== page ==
2. Don’t assume everyone is stupider than you. The CSS expert removed those classes because clearly everyone else had been too stupid to do it. When you come into a new organization, make the reasonable assumption that other people have jobs there because they are not incompetent morons. (This is not always the case, but I believe in giving everyone the benefit of the doubt.) ASK! The people who treat you like you are stupid because you don’t know the answer to a question are insufferable pompous asses and you don’t care about their opinions. Normal people realize that you are new and you don’t know everything. They are happy to help as long as you don’t overdo it. Even on those rare occasions that I have gotten a question from a new person that made me say to myself, “Are you fucking kidding me?” I tried to give the benefit of the doubt that maybe the person was confused or having a bad day. After all, I’ve made stupid mistakes a time or two myself, and I’m pretty sure I’m not a moron.
3. Document! I admit to being a hypocrite because as soon as I have finished something I’m SO tempted to go on to the next analysis/ part of the game, etc. As our wonderful 7 Generation Games CMO Maria says, documentation is one of those things no one ever wants to do but everyone wishes was done. Maybe you know exactly what you were thinking when you wrote that code, but I am pretty certain that your colleagues were not hired for their mind-reading skills.
If you’re reading this, you’ve probably mastered multiplication, division and fractions, but you may be fond of a small human who has not. Check out 7 Generation Games. Play adventure games in a virtual world and learn stuff.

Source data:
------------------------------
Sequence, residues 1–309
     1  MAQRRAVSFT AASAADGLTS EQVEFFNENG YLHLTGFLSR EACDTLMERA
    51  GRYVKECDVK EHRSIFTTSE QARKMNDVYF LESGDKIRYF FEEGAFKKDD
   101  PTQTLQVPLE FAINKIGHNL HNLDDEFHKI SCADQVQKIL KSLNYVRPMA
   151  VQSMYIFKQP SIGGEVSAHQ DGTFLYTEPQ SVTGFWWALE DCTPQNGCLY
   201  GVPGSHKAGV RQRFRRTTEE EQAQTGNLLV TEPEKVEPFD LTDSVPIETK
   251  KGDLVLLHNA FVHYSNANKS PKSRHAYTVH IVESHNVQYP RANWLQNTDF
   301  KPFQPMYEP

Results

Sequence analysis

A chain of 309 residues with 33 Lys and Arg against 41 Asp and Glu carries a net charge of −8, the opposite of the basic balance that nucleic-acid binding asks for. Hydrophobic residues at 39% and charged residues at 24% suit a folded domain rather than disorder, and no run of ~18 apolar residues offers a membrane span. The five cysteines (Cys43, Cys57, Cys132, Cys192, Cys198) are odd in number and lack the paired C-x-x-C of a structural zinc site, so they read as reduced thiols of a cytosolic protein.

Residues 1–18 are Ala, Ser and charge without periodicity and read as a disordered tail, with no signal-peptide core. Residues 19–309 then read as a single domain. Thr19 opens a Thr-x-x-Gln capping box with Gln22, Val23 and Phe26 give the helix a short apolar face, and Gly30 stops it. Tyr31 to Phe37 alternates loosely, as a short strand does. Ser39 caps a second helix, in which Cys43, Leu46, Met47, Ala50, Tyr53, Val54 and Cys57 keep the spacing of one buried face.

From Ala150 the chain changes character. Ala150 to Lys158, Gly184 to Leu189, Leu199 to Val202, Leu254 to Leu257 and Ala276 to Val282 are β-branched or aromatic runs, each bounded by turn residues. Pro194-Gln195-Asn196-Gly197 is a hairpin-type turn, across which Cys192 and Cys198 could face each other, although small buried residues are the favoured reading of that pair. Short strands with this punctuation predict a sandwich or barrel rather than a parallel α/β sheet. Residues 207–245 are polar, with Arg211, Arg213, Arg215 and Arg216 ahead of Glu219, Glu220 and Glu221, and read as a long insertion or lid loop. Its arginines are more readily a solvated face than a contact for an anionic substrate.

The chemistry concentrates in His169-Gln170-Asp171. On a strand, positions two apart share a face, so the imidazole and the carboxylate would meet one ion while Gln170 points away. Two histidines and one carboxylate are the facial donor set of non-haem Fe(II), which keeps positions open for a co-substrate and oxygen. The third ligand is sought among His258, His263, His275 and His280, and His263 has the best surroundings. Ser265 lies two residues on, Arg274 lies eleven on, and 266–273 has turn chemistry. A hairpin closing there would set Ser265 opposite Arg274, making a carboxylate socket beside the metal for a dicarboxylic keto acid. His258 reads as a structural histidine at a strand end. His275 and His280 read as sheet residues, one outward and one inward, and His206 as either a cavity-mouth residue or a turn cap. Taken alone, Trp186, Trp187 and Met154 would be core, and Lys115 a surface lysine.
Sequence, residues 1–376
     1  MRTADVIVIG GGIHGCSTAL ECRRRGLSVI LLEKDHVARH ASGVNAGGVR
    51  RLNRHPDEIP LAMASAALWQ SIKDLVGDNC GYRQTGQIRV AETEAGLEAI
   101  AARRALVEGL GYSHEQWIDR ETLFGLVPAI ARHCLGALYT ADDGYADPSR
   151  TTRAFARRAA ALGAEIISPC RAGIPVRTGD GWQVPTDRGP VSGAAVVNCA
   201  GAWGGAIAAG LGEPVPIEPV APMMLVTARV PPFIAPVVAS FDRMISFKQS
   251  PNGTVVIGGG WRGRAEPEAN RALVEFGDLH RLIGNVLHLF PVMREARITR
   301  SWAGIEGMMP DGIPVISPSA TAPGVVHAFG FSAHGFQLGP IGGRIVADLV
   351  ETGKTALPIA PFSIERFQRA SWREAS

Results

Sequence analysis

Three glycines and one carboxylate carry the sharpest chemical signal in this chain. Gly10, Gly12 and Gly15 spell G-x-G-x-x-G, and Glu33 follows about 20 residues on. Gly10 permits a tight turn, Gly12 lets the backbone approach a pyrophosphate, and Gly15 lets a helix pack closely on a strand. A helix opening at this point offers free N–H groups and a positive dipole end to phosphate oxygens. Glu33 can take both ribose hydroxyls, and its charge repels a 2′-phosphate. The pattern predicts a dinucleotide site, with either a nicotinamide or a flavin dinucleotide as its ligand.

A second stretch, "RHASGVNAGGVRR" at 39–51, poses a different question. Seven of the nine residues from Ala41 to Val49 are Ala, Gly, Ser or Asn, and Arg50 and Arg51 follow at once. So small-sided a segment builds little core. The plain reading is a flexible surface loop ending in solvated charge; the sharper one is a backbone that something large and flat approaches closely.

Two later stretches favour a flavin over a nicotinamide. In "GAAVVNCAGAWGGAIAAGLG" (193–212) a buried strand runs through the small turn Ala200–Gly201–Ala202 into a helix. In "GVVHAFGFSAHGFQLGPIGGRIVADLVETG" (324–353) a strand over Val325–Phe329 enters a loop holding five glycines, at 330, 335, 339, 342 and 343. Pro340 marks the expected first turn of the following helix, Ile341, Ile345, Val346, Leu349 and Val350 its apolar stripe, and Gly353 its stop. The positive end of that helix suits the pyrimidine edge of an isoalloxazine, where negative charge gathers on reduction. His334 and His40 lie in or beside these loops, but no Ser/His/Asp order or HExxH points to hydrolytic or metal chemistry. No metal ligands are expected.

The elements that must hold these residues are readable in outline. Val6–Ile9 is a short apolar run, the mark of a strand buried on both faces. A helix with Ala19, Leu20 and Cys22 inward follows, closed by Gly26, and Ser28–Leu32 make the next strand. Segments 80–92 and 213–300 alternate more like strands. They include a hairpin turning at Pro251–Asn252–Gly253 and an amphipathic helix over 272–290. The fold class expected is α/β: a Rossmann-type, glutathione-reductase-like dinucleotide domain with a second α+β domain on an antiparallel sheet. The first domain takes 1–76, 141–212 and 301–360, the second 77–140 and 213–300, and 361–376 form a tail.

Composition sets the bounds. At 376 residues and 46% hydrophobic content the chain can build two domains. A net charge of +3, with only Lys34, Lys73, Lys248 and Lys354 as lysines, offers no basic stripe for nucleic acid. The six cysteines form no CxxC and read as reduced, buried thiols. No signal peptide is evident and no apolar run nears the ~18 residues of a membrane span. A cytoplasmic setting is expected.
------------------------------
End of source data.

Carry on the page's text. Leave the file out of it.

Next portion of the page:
Games that make you smarter ! Buy them for your children, sponsor a school or play yourself (we won’t judge!)
The heroine in Labyrinth (fun movie, by the way) complains ,
“That’s not fair!”
and the Goblin King responds,
“You say that so often. I wonder what your standard of comparison is.”
Sunday evening and I’m taking a break from working on our latest game to offer another installment in Mama AnnMaria’s Guide on Not Getting Your Sorry Ass Fired. I was talking to my son-in-law, Mr. Perfect Jennifer, and he commented that many in his field – graphic art and animation – set their rates at what the client can be convinced to pay. If a client is somewhat naive about the going rate, they will charge two or three times as much – the sky’s the limit! What is wrong with that? Well, for one thing, if you are vastly over-charging your clients, at some point they will find out that other people are not paying $775 per hour for a statistical consultant and they will fire your sorry ass and hire someone more reasonable.
People starting out as freelancers or consultants are often unclear as what is a “fair rate of pay”.
Let me recommend this:
1. NEVER base your fees on what you “need to maintain a certain lifestyle”. Unbelievably, I have seen many people starting out set their fees exactly like this. They will tell me how expensive it is to live in San Francisco or New York City, as if that matters. Let me give you this example to show how stupid this is. You hire someone to clean your office every night. We’re not talking Trump tower here, but just your standard executive office – desk, a couple of chairs, table. Dave’s Cleaning tells you that the cost will be $3,000 a month. When you ask how he can possibly justify $$700 to clean one room, Dave explains that you are his only client. He lives in a studio apartment that costs $1,100 a month, he has to eat, doesn’t he?
2. Find statistics on rates for your field. For example, the American Statistical Association published this article in 2011 on rates for statistical consulting. You could look up your field on the Bureau of Labor Statistics site , although since that is for full-time employees, who receive benefits, you should estimate cost to the employer as 20-30% more than whatever the median salary is. What, you mean to tell me that you have no idea what the average market rate is for your services? How the hell did you come up with a rate then?
3. Figure out where you fall in the range. Do NOT, NOT, NOT look at the top of the range and say, “I could charge that much.”